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DIGITAL8 vs DV: A New Camcorder Alternative
by Jon Leland

Some of the most frequently asked questions that I get are regarding digital camcorders and what's good at a reasonable price.

As you've seen from my articles over the last few years, including: (Canon's XL1) (Sony VX1000 & Sharp ViewCam) (Africa '96)
I'm generally very impressed with the miniDV format, even at the "consumer" level. In fact, I know many professionals who are using these cameras. However, I never thought to check into Sony's Digital8 until my man, Mickey Mac gave me a "wake up call." His insights are the reason for this mini-report on this alternate digital camcorder format.

While Sony's Digital8 camcorders are somewhat bulkier than smaller and lighter DV camcorders, they are indeed impressive. I was educated by my friend, cohort, collegue and co-conspirator, Mickey Mac. He's has become excited about the Sony Digital8 format as a lower cost-effective alternative to DV. In fact, after some hands-on experience, he plans to buy one. (One unit, for example, the Sony DCR-TRV315, has a discount mail order "street price" under $900.)

Here are Mickey's views which I think make sense and which bear out after some research:
Sony consumer cameras are generally fine products
Digital8 is the identical video signal as DV (comparible image quality)
It is MUCH easier and MUCH less expensive to find a tape when you need one at the last minute - (remember I am talking about consumer use)
There are MANY excellent features, including:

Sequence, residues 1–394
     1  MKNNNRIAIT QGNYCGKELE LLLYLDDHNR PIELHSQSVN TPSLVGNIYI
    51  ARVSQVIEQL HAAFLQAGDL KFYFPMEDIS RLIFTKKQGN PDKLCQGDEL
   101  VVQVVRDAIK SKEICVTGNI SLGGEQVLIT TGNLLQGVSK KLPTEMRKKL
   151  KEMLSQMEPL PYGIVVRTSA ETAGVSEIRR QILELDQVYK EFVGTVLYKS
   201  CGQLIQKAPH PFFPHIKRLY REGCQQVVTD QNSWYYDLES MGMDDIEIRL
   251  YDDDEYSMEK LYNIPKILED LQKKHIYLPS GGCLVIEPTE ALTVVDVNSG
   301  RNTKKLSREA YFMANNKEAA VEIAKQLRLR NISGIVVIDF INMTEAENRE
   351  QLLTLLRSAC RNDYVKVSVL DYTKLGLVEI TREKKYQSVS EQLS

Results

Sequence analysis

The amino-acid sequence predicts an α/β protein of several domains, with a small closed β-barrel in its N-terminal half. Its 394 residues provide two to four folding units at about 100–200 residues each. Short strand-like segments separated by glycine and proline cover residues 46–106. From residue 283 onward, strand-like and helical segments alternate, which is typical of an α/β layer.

Zoom Microphone - Low-light/no light capabilities
  FANTASTIC battery performance - IR wireless beaming of audio & video to TV or VCR
  EXCELLENT image stabilization
  Large LCD monitor and viewfinder
  20X optical zoom & 360X optical/electronic zoom
  Excellent ergonomics
  Many fine accessories
  Same firewire connector and controls as DV

In addition, these camcorders are fully backward compatible with Hi8 and 8mm analog tapes; and perhaps more importantly, I'm told that they can also handle an analog input (such as a VHS deck) so that you can digitize your VHS tapes for non-linear editing by using this camera. That's something that few DV camcorders can do.

Combined with Apple's new iMac DV models (see among other systems, it appears that a new low cost "window" on digital video production is opening. It remains to be seen how many people take the plunge.

My man, the Mick also likes the iMac DV, not only because of its integrated Firewire (IEEE 1394) port, but he really like the iMovie software, especially for entry level video editing. He said that iMovie is "one of the best interfaces ever designed for the consumer. It is obvious, intuitive, easy-to-learn, and it offers almost all the features a typical consumer might want." The Mick's a pro, so I'll take his word on that.

Hope this helps, keep those questions coming, enjoy and stay tuned!

Jon welcomes feedback and suggestions via e-mail at [email protected]



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